During the fall, many backyard flock owners ask, "Why have my hens stopped laying?" Several factors may cause the reduction in egg laying, says LSU AgCenter poultry specialist Dr. Theresia Lavergne.
The most common causes are decreasing day length, improper nutrition, disease, aging and stress. The LSU AgCenter poultry specialist says if hens reduce egg production in fall, the probable cause is the decreasing day length.
"The reproductive state of birds is regulated by the amount of light they receive each day," Lavergne says. "Hens are stimulated to lay eggs when day length increases and reduce egg laying when day length decreases."
So in a natural environment, birds lay fewer eggs during fall and winter compared to spring and summer.
If maintaining egg production throughout the year is a priority, artifical light can prove useful. Hens require at least 14 hours of light every day to maintain egg production. This light can be provided from sunlight, artificial light sources or a combination of both.
Lavergne says one 40-watt light for every 100 square feet of coop is adequate to maintain egg lay. The artificial light can be left on continuously, or can be used to provide supplemental light during the hours that sunlight is not available.
"If you are not going to leave the artificial light on continuously, but are going to use it only to supplement the sunlight, the artificial light should be added in the morning hours so the hens can roost as the sun sets and not be stranded in the dark when the artificial light is turned off," the poultry specialist says.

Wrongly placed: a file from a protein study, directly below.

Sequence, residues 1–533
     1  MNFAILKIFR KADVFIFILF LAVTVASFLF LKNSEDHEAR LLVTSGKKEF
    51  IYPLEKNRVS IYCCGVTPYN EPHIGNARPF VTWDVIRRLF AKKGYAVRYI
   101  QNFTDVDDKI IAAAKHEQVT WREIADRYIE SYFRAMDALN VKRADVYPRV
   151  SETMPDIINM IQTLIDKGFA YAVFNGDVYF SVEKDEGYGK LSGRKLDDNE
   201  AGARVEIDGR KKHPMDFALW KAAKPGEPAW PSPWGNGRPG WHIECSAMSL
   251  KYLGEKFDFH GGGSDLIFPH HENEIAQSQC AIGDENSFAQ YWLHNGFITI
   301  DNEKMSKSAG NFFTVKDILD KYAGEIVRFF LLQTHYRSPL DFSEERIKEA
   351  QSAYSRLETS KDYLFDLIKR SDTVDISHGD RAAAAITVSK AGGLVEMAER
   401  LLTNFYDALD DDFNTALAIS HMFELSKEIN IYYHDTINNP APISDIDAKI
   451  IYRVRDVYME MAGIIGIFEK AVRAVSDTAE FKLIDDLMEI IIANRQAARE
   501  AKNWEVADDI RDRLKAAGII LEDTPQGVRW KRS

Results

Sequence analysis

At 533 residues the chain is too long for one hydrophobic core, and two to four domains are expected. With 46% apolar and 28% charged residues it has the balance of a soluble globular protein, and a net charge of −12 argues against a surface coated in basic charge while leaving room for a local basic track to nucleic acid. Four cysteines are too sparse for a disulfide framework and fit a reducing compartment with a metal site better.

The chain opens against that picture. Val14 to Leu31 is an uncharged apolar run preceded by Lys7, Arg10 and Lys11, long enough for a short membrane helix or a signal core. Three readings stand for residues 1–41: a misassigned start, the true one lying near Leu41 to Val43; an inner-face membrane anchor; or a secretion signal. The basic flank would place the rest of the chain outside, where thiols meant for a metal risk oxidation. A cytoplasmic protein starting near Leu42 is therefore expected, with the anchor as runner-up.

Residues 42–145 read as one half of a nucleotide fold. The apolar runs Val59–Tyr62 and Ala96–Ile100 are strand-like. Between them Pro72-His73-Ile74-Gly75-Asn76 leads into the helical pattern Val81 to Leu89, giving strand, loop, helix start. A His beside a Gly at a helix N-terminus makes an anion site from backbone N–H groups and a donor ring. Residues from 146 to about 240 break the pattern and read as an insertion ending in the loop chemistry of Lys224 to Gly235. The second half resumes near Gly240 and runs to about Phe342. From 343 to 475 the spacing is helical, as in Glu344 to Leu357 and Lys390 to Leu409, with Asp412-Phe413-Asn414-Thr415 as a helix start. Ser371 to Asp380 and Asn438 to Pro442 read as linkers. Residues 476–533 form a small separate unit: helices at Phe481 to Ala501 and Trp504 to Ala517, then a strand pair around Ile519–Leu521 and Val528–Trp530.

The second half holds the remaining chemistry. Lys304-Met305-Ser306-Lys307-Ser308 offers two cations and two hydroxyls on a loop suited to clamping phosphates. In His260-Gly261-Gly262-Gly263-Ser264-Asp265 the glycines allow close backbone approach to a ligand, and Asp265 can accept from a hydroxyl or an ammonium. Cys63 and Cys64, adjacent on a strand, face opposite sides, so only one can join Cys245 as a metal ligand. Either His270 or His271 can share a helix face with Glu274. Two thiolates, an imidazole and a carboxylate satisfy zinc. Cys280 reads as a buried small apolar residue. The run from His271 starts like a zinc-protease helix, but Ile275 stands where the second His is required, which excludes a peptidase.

If you determine that the length of daylight is not the cause of reduced egg lay, you need to evaluate some of the other causes, Lavergne advises.
Improper nutrition is an alternative cause of reduced egg lay. Layers require a balanced diet and a constant source of fresh water to maintain maximum egg production. "It is important to provide a nutritionally balanced layer food to your hens to ensure that they will have adequate levels of protein, calcium and energy to maintain egg production," she says. Also, providing oyster shell to your hens will help maintain strong egg shells.
"Be careful when supplementing hen diets with whole grains, scratch feeds or table scraps, because too much of these can cause the hen’s diet to become imbalanced," Lavergne says.
Disease is another cause of reduced egg production. "If your hens have a dull and listless appearance, watery eyes, runny nostrils, coughing, lameness or mortality, contact your veterinarian to diagnose and treat the problem," the poultry expert recommends.
The effects of aging on egg production will vary from bird to bird. Many hens, however, will have decreased egg production after two to three years of age.
A decline in egg production also may be attributed to stress. Limiting the incidence of chilling, handling, changing environments, moving, parasites, fright and predators is necessary to maintain maximum egg production.
Additionally, if egg production is decreasing, you may need to consider the possibility of predators consuming the eggs, egg-eating by the hens themselves, egg breakage or hens hiding the eggs (if they are able to run free).
Lavergne recommends contacting an extension agent in your parish LSU AgCenter office to learn more about raising poultry.
Send to friend